If the Citra Strip doesn't work, go to a stronger MC based one. Off the shelf, the strongest one I've used is 'Aircraft Stripper' in the blue qt can. Putty knives, scrapers, and stiff brushes work well. I wouldn't use a power washer, as it has to be used outside. It will spray toxic chemical all over the place...on the grass, concrete, or asphalt. It can kill foliage. It will spritz chemical on yourself, and it can burn through the skin. If it gets into your eyes you could be blinded.

It can dislodge previous repair work, loosen joints and dislodge veneer if present. It will pressure force water into the pores of the wood, changing the moisture content. That could cause expansion of the wood and joints, and when the wood finally dries out, could crack. It also will raise the grain.

Some do this as a quick seemingly efficient way of stripping furniture. There are more subtle ways of getting the finish off. Lacquer thinner works good as a wash, and will further dissolve some finish that the stripper didn't get to. It doesn't affect the integrity of the wood.

Another option for finish removal is to use a heat gun...very effective.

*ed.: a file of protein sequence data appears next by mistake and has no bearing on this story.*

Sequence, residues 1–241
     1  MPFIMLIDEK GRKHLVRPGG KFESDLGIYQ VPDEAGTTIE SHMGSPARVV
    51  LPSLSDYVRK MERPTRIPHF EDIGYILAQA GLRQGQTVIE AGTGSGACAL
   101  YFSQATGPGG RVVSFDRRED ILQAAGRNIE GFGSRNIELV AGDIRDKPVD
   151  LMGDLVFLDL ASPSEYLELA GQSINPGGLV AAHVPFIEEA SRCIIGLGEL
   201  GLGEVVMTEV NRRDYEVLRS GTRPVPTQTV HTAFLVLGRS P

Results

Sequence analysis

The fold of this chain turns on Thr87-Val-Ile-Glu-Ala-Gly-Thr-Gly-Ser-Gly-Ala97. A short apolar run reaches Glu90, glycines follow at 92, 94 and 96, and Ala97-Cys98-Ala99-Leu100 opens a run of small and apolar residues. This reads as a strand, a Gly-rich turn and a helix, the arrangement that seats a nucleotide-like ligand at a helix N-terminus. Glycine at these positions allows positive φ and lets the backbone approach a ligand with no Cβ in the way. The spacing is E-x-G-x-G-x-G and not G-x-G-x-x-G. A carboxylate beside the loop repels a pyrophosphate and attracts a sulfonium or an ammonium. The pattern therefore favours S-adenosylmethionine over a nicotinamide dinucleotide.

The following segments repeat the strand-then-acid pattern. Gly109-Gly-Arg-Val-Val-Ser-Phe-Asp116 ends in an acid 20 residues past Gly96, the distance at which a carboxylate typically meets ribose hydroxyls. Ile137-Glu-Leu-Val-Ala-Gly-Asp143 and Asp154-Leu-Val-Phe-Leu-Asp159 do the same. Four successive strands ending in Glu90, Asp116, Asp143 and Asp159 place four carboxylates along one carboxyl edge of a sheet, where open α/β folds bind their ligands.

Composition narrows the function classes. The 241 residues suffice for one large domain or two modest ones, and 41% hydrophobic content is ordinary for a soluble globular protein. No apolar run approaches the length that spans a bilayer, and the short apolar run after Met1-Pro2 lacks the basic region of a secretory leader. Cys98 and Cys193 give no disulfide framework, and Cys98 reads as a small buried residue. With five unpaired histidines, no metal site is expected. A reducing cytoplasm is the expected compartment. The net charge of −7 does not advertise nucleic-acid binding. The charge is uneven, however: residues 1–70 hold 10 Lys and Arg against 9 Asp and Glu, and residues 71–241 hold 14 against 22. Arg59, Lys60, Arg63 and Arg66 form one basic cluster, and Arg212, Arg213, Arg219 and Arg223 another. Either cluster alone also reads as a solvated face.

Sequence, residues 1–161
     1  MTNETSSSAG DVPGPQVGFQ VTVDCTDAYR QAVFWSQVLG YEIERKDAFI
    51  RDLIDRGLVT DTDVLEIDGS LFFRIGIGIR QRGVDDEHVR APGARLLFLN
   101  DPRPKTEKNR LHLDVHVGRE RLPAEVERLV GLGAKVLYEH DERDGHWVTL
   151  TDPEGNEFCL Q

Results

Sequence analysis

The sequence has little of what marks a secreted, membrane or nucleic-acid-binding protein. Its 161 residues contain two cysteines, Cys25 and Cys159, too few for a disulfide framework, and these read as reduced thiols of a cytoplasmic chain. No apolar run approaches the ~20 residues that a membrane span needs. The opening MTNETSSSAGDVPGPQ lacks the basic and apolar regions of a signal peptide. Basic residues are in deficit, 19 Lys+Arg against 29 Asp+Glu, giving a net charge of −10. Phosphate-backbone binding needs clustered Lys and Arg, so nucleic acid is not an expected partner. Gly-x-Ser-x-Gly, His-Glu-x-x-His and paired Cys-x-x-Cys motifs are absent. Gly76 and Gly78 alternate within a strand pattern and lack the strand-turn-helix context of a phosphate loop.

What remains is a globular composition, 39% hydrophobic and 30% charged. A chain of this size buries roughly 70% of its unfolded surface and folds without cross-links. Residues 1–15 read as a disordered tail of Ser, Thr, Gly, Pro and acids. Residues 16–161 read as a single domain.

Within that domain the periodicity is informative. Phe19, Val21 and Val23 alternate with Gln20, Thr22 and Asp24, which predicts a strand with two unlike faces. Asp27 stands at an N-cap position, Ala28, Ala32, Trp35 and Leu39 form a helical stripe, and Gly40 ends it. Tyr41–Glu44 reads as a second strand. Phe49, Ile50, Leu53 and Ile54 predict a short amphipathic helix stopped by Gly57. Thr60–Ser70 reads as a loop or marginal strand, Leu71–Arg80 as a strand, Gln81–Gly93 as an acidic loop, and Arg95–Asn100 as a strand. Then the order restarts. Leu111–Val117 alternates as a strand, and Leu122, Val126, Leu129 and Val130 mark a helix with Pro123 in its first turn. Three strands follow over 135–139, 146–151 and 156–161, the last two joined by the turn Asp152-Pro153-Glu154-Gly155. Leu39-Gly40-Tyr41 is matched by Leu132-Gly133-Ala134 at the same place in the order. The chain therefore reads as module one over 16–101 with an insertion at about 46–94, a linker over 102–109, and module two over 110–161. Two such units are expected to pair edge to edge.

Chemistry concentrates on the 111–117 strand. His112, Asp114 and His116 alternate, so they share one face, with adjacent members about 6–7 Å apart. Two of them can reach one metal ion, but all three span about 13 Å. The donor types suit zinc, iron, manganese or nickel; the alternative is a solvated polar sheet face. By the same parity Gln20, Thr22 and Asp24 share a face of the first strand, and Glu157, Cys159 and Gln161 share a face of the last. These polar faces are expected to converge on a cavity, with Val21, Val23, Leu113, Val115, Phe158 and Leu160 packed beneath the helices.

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All of the above advice is excellent. The only step I add when I must hand strip is to wash the minerals spirits or lacquer thinner off with a liberal amount of acetone. This allows me to sand on the piece sooner.
 

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All of the above advice is excellent. The only step I add when I must hand strip is to wash the minerals spirits or lacquer thinner off with a liberal amount of acetone. This allows me to sand on the piece sooner.
I found that mineral spirits doesn't do squat to dried oil base paints, or lacquer.




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I wouldn't be too surprised if that table stated out life with veneer on the top.
As Cabinetman mentioned you didn't say anything about the finish, so you may have some problems with those stains showing on the top. Some wood bleach should address that issue, if that poses a problem.
 

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Discussion Starter · #10 ·
I wouldn't be too surprised if that table stated out life with veneer on the top.
As Cabinetman mentioned you didn't say anything about the finish, so you may have some problems with those stains showing on the top. Some wood bleach should address that issue, if that poses a problem.
And I wouldm't be suprised if you were right!!

Thanks!!
 

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Discussion Starter · #11 ·
Thanks to all for the replies and advice. I think she was gong to start on the table yesterday :thumbsup: I will talk to her later and get an update! And of course pictures

Thanks again!!